I was fortunate to not have a roommate in the surgical wing  plus be on the end where it was super quiet. After watching a little TV, I went to turn it off to get some sleep before I would be woken up by needing to go to the bathroom or for vitals. I ended up leaving the TV on all night for noise as the only other noise I had was the IV pump running, the compression socks compressing and the clock ticking. It was that quiet in the hospital. The one nurse told me not to jinx it (I guess it’s not like that all the time there).

I had 2 drains which didn’t bother me at all, that needed to be emptied and measured at regular times. But the nurses there were wonderful as they combined times for the drains, vitals and other checks to coincide with my getting up to pee every 2 hours. I even slept through the antibiotic bag’s loud beep when it was empty after a wonderful dose of Dilaudid where I felt zero pain. The nurse just came in, changed my bag and left me sleep. She knew I would be awake in another hour or so to pee and did whatever else she needed to do the next time.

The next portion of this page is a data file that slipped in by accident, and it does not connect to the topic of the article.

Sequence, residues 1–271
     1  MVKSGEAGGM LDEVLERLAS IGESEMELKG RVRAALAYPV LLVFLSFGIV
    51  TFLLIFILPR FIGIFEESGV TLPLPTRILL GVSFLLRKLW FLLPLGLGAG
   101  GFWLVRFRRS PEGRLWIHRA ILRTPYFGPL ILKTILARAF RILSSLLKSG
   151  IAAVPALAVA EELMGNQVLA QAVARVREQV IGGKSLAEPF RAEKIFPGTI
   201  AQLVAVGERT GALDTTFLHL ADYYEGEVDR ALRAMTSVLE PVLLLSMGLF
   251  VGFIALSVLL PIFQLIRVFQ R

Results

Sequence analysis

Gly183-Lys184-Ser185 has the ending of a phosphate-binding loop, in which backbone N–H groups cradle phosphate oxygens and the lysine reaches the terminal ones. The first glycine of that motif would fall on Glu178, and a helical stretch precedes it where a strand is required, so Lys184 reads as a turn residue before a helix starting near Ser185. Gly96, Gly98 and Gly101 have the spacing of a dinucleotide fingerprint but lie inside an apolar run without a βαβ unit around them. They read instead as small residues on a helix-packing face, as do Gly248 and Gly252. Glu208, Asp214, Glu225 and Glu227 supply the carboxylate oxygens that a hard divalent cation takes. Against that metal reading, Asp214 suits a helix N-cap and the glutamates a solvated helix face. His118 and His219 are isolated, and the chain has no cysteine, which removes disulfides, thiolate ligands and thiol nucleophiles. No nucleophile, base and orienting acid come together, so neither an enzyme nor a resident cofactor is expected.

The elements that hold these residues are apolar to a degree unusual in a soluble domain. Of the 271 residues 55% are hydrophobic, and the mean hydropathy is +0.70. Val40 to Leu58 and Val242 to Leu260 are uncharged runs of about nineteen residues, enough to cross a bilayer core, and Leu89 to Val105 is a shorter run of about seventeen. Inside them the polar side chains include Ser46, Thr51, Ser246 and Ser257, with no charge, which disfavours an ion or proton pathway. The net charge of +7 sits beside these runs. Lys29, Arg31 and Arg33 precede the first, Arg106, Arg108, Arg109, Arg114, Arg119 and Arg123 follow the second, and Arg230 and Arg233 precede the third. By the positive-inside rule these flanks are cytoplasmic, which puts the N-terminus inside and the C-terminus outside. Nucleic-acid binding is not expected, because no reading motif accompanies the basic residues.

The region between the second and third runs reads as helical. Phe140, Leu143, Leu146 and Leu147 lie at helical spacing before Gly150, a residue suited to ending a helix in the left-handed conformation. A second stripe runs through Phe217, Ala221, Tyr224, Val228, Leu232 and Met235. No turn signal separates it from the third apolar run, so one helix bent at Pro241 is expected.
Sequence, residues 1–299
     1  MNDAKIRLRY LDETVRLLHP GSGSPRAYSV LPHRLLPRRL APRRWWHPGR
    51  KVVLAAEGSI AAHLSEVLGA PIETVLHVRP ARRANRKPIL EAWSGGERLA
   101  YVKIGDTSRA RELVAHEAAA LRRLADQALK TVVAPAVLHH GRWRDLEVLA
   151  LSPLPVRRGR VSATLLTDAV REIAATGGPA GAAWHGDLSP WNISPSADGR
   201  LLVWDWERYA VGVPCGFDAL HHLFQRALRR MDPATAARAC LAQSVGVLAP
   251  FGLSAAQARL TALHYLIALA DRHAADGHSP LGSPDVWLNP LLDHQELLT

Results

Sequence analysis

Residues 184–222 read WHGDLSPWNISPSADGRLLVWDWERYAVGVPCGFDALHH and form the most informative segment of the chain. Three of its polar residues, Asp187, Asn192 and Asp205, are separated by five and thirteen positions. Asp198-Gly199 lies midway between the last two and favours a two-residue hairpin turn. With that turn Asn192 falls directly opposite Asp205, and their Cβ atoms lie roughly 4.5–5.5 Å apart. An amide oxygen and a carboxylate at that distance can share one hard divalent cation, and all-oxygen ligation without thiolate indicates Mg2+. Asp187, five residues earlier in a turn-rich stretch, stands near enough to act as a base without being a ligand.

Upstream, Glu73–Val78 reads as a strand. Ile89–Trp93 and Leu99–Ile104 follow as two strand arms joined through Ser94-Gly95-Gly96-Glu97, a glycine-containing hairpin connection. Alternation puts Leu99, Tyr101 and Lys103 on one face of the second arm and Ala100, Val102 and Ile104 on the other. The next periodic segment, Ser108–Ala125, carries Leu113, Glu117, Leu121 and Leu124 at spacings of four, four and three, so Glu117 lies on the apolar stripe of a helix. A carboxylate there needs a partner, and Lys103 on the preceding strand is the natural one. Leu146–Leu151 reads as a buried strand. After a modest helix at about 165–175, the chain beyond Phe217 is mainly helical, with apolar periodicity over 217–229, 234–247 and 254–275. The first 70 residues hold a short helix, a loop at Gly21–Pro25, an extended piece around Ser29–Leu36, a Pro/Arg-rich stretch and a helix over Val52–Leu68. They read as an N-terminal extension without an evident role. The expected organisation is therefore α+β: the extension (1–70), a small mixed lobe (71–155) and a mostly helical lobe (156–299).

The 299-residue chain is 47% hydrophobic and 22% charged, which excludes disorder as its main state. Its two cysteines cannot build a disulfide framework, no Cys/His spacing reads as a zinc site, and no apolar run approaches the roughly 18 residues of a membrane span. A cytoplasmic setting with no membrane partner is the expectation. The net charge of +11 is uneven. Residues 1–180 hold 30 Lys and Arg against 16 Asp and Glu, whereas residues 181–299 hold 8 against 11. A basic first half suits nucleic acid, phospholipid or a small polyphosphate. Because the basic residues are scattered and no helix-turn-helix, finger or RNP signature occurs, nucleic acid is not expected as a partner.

I do remember asking the nurse if I was going to get real food for breakfast in the morning.  I really didn’t care what it was as I was so hungry during the night.

I had to ask one of the aides before I turned off the TV for the first time to plug in my charger for my Iphone. I was on it so much with my family after they left that I wore the battery down. She laughed and understood completely. That was like my lifeline to them. I even shocked my sister and called her in the early evening to let her know I was doing OK.

Honestly, one night in the hospital was enough. By mid-day on Tuesday I was ready to come home. We ate lunch and were able to leave early in the afternoon and was home by 1:30. The local schools were all closed because of the ice early in the morning, so I was happy to see Elyse and Calista right away. However, the ride home was the worst ride ever. I felt every little bump in the road. It wasn’t David’s fault. I think it would have even have been that bad in a Lexus. I was so happy to get home.